Thanks to the Kennedy and Johnson administrations, I went to college. I remember when Martin Luther King, Jr.; Malcolm X; and Muhammad Ali were mostly disapproved of. I remember the assassinations of the Kennedys, Malcolm, Martin and others and I can't help but wonder if seeds were planted that taught the young that murder is the way to solve problems. I remember the urban "riots" and campus demonstrations, the Weathermen, the SLA--the black and white "revolutionaries". I remember the "Law and Order" backlash which ushered in Nixon, Ford, Reagan and the first George Bush, who painted with the same brush those seeking redress of legitimate grievances and those who were self-serving criminals with allegiance to nothing but their own interests. (Although, giving credit where it's due, affirmative action started under the Nixon Administration.) During the time of these Republican Presidents, some hard-won court battles were rendered essentially moot because legal-aid and other programs (designed to help those, black and white/male and female, without financial means or political power to secure even a chance at justice) were de-funded. Meanwhile, there was more and more deregulation and tax breaks for big business and the financially well-off. <br />
Gun ownership became more popular after the "riots" of the late 60s when suburbanites feared they would be overrun. However, when the Black Panthers urged blacks to arm themselves for self defense, legally and publicly brandishing firearms, President Reagan used his "bully pulpit" (as you, Mr. Madison, have aptly pointed out) to bring about more strict gun control laws. Time marched on, the "Revolution" indeed became televised as notable targets were killed or imprisoned, those who had obtained good-paying jobs fled the cities (until they got laid off) and the growing "underclass" was left to the neglected parts of the cities and regions like Appalachia. One couldn't turn on the TV without running into a "cop show", often glamorizing cops who didn't mind violating rights to "get the job done". Perhaps coincidentally, weapons on the street changed from "Saturday-night-specials" to handguns and long guns rivaling those used by the police and the military. Guns, drugs, and across-the-board minimization of the value of human life proliferated. <br />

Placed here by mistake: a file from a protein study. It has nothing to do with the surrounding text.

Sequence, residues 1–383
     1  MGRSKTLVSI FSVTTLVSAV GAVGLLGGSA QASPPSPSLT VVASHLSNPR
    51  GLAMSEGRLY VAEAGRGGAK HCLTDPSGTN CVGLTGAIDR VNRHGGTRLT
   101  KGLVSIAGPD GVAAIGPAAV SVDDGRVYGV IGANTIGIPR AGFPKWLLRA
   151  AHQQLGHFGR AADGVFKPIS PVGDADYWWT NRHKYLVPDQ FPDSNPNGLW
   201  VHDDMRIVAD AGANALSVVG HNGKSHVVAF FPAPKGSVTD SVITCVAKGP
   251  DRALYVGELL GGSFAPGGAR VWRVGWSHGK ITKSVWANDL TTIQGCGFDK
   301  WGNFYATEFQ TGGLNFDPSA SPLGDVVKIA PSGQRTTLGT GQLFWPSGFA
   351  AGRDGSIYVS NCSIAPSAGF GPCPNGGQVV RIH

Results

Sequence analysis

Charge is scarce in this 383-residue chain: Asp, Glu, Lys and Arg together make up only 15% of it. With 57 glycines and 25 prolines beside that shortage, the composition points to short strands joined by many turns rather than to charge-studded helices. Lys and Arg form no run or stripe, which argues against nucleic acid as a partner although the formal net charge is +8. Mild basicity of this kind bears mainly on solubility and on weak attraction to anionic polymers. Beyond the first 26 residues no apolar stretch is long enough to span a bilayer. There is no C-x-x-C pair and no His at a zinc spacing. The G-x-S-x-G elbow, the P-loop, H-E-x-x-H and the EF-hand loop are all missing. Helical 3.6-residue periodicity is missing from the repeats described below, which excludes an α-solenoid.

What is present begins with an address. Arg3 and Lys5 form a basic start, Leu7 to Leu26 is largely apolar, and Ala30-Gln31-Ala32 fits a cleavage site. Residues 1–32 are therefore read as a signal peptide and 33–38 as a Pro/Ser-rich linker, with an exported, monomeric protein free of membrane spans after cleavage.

In my opinion, we have lost the moral high ground. This nation seemed to have it after WWII, and the disenfranchised had it, for the most part, during the time when Baby Boomers came of age in the 60s. I believe that through tactics such as divide-and conquer, and repetition of fallacious ideas and principles without open and honest debate, tantamount to brainwashing, the "haves" have tricked and bamboozled the "have-nots". Why else would people of modest financial means vote against their own interests? I have heard anecdotes about blacks and whites mingling for the first time in their lives at demonstrations to avert cutbacks or at the unemployment office where the previously "favored group" was largely responsible for empowering those who initiated the cutbacks. I hasten to add, I have nothing against obtaining abundance through inheritance, or by working hard or working smart on a reasonably level playing field. But I believe true abundance involves taking a long-term rather than a short-term view. I am reminded of what you, Mr. Madison, said about Henry Ford. He came up with a way to mass produce automobiles and instead of greedily pocketing the profits in the short term, he paid his workers well (probably thereby having the pick of the most qualified workers available) and they were then able to purchase the cars they were making. Surely, this not only gave Ford more profit in the long run, but also helped the community at large. I think Mr. Ford believed in something and it paid off for everybody involved. I think people today need to believe in something that transcends their differences. I think people have to be reminded that united we stand, divided we fall; success is good, but greed is not good; admiration is good, but envy is not good; an appetite is good, but gluttony is not good; getting up after a fall is good, but jumping-off without a plan is not good; rest after work or at least trying to work is good, but wallowing in despair is not good; seeking fulfillment is good, but uncontrolled longing for anything is not good; and winning at any cost is not winning in the long run.<br />